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'The Science Has Worked' For Bryson DeChambeau, Says Dottie Pepper

(CBSDFW.COM) -- Bryson DeChambeau returned from the PGA Tour's coronavirus hiatus 20 pounds heavier. The difference was noticeable as he walked the course at Colonial. The extra muscle also showed itself off the tee, where the 240-pound Modesto, California native led the Charles Schwab Challenge field in driving.

>>STREAM: RBC Heritage

To be precise, DeChambeau dominated the field in driving, gaining over seven strokes off the tee. Xander Schauffele, the runner-up in the category, picked up just under five strokes, and seven other players were within two strokes of him. DeChambeau also led in average length (340.4 yards) and hit almost 59 percent of greens in regulation.

After five PGA Tour events this year, DeChambeau is on pace to break the single-season record for average driving distance. (Hank Kuehne set it at 321.4 yards in 2003.) The first four of his 2020 tournaments occurred before he added bulk, and the fifth was held on a course that doesn't allow a player to really unleash his driver.

"He has enough confidence with the long game to go ahead and hit driver in places that other players don't," noted CBS Sports on-course reporter Dottie Pepper. "I am particularly impressed with it. With all the length he has added, as he's gotten bigger and stronger, it looks like he's actually more flexible. The golf club is in a deeper position, and he's actually hitting the golf ball straighter. So the science has worked."

How much better will it work when/if he reaches 270 pounds?

Driving can't carry a player at Colonial Country Club, which is considered more of a shot-maker's course. DeChambeau stayed close through Sunday and gave himself a chance at the win closer to the green. He was on pace to be part of the Sunday playoff before bogeying the 17th hole. That would be his undoing, as he went on to finish one stroke back in a tie for third.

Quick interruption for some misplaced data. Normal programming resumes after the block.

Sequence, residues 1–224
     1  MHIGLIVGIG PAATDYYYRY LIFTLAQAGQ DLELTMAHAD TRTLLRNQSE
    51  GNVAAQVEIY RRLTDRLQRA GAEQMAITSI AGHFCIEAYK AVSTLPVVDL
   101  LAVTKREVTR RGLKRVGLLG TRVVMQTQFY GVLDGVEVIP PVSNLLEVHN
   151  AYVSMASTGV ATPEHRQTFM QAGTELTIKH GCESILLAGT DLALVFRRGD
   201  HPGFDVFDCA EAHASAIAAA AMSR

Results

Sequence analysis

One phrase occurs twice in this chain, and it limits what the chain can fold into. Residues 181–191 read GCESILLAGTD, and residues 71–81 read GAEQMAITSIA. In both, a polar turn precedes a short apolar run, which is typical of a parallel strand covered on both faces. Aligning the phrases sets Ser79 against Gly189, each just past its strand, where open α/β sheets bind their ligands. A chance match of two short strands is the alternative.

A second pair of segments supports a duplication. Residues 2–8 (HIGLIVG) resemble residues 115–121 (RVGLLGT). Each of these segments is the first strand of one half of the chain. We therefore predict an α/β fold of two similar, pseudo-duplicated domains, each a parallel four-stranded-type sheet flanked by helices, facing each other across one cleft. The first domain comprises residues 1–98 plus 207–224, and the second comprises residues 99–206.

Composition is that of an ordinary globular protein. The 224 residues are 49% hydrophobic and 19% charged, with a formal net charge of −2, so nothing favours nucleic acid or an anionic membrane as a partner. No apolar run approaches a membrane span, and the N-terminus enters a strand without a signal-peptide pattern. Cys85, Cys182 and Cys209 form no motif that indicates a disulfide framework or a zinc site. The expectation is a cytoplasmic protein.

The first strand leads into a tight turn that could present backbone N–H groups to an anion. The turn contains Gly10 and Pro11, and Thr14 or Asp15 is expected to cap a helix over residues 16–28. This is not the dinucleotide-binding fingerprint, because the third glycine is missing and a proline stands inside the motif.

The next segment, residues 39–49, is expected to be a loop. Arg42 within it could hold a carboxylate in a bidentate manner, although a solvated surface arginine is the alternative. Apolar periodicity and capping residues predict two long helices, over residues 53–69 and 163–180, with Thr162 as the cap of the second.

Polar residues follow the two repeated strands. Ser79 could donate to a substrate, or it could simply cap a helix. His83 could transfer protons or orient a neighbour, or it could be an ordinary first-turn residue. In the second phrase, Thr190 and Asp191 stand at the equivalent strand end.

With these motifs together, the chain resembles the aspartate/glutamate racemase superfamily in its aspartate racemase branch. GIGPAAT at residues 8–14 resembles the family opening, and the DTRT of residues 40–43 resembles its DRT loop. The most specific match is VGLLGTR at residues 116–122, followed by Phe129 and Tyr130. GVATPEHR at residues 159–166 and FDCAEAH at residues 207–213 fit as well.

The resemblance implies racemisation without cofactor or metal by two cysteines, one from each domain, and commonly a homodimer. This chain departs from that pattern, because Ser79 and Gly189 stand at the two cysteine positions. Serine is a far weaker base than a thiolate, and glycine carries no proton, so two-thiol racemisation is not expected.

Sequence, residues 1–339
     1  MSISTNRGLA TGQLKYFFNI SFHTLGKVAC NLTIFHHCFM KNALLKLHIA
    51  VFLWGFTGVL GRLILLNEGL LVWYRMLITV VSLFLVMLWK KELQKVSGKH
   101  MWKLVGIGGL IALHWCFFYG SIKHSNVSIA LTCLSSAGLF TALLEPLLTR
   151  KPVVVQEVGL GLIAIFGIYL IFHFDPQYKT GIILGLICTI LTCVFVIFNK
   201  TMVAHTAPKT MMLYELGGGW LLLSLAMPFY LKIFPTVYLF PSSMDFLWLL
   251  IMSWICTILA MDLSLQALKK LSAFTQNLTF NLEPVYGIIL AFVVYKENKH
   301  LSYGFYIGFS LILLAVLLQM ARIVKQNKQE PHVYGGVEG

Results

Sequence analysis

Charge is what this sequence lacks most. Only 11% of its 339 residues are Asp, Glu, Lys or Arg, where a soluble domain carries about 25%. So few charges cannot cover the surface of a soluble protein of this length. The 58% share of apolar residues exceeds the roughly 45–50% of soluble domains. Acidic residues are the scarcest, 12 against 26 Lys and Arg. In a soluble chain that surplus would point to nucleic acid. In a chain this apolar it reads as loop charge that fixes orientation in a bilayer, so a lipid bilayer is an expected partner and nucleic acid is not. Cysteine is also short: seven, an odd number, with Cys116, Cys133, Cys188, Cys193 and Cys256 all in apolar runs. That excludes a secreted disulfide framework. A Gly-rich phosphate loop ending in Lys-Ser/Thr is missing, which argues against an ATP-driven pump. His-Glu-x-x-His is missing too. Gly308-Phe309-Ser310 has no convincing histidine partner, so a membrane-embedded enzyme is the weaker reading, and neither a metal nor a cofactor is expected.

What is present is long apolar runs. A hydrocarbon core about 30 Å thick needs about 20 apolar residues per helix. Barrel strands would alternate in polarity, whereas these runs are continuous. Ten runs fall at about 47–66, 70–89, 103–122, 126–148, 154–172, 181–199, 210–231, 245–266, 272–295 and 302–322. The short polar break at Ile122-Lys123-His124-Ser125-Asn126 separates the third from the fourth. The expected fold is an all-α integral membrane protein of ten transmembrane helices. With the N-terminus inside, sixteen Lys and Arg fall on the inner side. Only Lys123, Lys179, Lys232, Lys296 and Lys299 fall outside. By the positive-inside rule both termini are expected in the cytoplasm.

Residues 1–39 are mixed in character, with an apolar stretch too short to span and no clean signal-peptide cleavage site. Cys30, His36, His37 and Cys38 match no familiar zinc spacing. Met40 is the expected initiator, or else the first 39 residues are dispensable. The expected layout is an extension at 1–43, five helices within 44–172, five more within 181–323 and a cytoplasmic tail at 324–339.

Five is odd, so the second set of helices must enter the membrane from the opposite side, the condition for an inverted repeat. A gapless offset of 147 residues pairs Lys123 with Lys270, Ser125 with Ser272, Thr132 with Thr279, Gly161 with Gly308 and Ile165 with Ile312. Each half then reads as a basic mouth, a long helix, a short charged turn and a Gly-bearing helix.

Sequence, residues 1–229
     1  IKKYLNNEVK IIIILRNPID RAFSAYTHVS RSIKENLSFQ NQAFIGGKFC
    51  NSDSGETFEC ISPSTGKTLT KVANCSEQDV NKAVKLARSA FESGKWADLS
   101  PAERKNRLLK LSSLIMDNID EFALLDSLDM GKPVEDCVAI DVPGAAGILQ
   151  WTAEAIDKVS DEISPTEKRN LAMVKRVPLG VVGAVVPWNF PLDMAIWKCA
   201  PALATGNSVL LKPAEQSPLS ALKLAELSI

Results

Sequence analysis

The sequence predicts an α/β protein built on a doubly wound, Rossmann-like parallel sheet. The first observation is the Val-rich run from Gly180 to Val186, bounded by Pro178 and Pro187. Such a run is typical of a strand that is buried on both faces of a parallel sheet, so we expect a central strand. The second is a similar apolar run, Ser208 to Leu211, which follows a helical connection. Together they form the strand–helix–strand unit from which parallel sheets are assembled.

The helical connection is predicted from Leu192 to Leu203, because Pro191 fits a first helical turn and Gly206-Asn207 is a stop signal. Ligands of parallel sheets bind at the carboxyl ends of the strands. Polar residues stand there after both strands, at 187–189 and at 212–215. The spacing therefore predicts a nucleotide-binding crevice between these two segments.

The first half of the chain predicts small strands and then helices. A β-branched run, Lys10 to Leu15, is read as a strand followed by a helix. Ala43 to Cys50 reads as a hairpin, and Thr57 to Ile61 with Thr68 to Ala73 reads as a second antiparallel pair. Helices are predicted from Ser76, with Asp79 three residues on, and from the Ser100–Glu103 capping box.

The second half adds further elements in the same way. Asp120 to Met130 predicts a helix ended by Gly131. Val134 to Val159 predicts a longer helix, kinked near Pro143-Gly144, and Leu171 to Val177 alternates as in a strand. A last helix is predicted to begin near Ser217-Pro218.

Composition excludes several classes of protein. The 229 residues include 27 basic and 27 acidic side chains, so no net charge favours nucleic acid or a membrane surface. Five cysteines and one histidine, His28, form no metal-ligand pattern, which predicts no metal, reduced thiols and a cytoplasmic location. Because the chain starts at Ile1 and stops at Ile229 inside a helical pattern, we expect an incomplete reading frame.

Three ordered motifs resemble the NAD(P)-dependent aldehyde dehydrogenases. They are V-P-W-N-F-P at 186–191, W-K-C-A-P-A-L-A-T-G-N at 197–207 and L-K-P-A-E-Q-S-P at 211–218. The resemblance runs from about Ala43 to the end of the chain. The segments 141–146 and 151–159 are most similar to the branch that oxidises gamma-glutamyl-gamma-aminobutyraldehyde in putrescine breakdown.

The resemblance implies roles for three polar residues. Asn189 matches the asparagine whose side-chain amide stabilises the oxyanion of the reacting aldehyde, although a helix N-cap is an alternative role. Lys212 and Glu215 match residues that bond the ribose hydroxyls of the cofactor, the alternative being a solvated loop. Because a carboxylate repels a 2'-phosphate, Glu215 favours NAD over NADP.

Charles Schwab was his fourth top-five Tour finish of his five events this year. At Harbour Town, which, like Colonial, doesn't favor the bombers, DeChambeau will once again look to top the leaderboard. "I like him [as a favorite], because he's played here and played okay here," said CBS Sports on-course reporter Dottie Pepper.

>>READ: Harbour Town Golf Links Profile: Shot-Making Excellence Required At RBC Heritage

DeChambeau actually made his pro debut at Harbour Town back in 2016. The golf world was already familiar with his unorthodox approach to the game four years ago. He was the young player with the Ben Hogan cap, an interest in physics and a bag full of irons all the same length.

"I think by making all the shafts the same length, putting the same posture in, same everything, they will be able to hit the golf ball a lot easier and a lot more efficiently, and they will like it a lot more. It could revolutionize the game of golf in the future," the then-amateur said at the time. "It's a very unique, oddball way of playing golf. But it works for me, and I think down the road, for the future of the game, it could be beneficial."

The Mad Scientist tied for fourth at the 2016 RBC Heritage with a score of six-under par, and moved up into a tie for third two years later, with a score of 11-under. He missed the cut in his other two appearances. DeChambeau has five victories on the PGA Tour to date, including a four-stroke win at the 2018 Northern Trust in the first round of the FedExCup Playoffs and a two-stroke win at the Dell Technologies Championship a week later.

Chasing distance can have its drawbacks for players who don't develop other parts of their game. If DeChambeau contends again this week -- he is among the favorites -- it won't be solely because of his driver. Harbour Town rewards players who play with precision. While the limited results from his latest experiment show promise, DeChambeau will have to get it done around the green to take home a championship.

Watch the RBC Heritage Saturday, June 20 and Sunday, June 21, 3:00 - 6:00 PM ET on CBS.

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